Perhaps it’s the penchant that certain office workers (not naming any names) have for combining the short sleeve shirt with a striped neck tie and a few biros in the pocket that have put people off, but this can easily be remedied. There’s no reason the short sleeve shirt shouldn’t be worn with pride throughout the summer. Here’s three ideas on how to wear it right:
Smart casual classic
You can’t really go wrong with this one: a well-fitted, short sleeve Oxford shirt worn with a smart pair of trousers. A classic summer look, and a versatile enough outfit to wear on the weekend (with plimsolls), or to the office in warm weather (use deck shoes or brogues to enhance the smartness).
A look that brings to mind The Talented Mr Ripley (without all the deceit and murder). You can’t go wrong with this combination of timeless summer pieces: A garment dyed short sleeve shirt worn open over a Breton Stripe. Finish the look with a pair of stone chinos and you’ve got an enduring look that’s suitable everywhere, from Inverness to the Italian Riviera.
Loud and Proud
There’s something about a short sleeve shirt that makes it work so well with a print. If you want to try something loud and bolder, but you’re not quite ready to go full Hawaiian then try something more conventional and subtler like a block check worn over a plain white t-shirt.
A staple style for the ages
There aren’t many styles with the longevity of the Breton Stripe. Originating from all the way back in the 1850s, the classic long sleeve, navy and white stripe design was initially sported by Seamen in the French navy so they would be easier to spot if they went overboard. Unlike bell bottoms and doughboy hats, there’s something about this nautical style that has really stood the test of time. The sleeves were shortened and by the 1950s the Breton had become a staple style in the wardrobes of fashionistas, beatniks and beyond.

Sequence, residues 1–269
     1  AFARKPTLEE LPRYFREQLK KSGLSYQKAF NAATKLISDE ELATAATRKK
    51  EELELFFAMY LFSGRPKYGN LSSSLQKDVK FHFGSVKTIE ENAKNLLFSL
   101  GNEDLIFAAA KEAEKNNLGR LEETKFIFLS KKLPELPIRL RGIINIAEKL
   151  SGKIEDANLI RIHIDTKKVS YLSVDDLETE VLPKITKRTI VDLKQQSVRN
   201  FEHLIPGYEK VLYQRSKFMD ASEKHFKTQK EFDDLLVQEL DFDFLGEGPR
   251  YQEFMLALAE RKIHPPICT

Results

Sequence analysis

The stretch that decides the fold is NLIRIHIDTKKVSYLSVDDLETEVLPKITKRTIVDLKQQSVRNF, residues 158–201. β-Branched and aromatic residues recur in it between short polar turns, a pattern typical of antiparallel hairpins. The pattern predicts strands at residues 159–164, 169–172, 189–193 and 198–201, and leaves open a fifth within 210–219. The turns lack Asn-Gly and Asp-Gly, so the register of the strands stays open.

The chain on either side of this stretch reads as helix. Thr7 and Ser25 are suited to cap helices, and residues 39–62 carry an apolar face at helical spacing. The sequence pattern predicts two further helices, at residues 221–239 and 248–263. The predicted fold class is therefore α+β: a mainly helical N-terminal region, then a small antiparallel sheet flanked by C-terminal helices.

This popularity hasn’t really wavered in over 150 years, and these days the Breton Stripe remains a strong style for the warm days of spring and summer. If you haven’t got one in your wardrobe, now is the perfect time to get involved with a Breton. It’s a great way to look like you know how to dress, without it looking like you’ve put too much effort into it. James Dean famously wore one, so how much more inspiration do you need?
You don’t just have to stick to the classic long sleeve design. These days, things are not so simple as black and white (or navy and white, in this case). The very aesthetically pleasing stripe design (one wide, one narrow) has been adapted to many different colourways, and utilised in modern and irregular designs. In the sometimes confusing world of men’s style, there’s something comforting about the durability of the Breton Stripe. It’s a classic and easy-to-wear staple style that can be adapted and modernised to suit the times. Fashion can often feel too trend led and throwaway, so it’s reassuring to know that a Breton Stripe is an investment worth making. You never know, it could last you the next 150 years…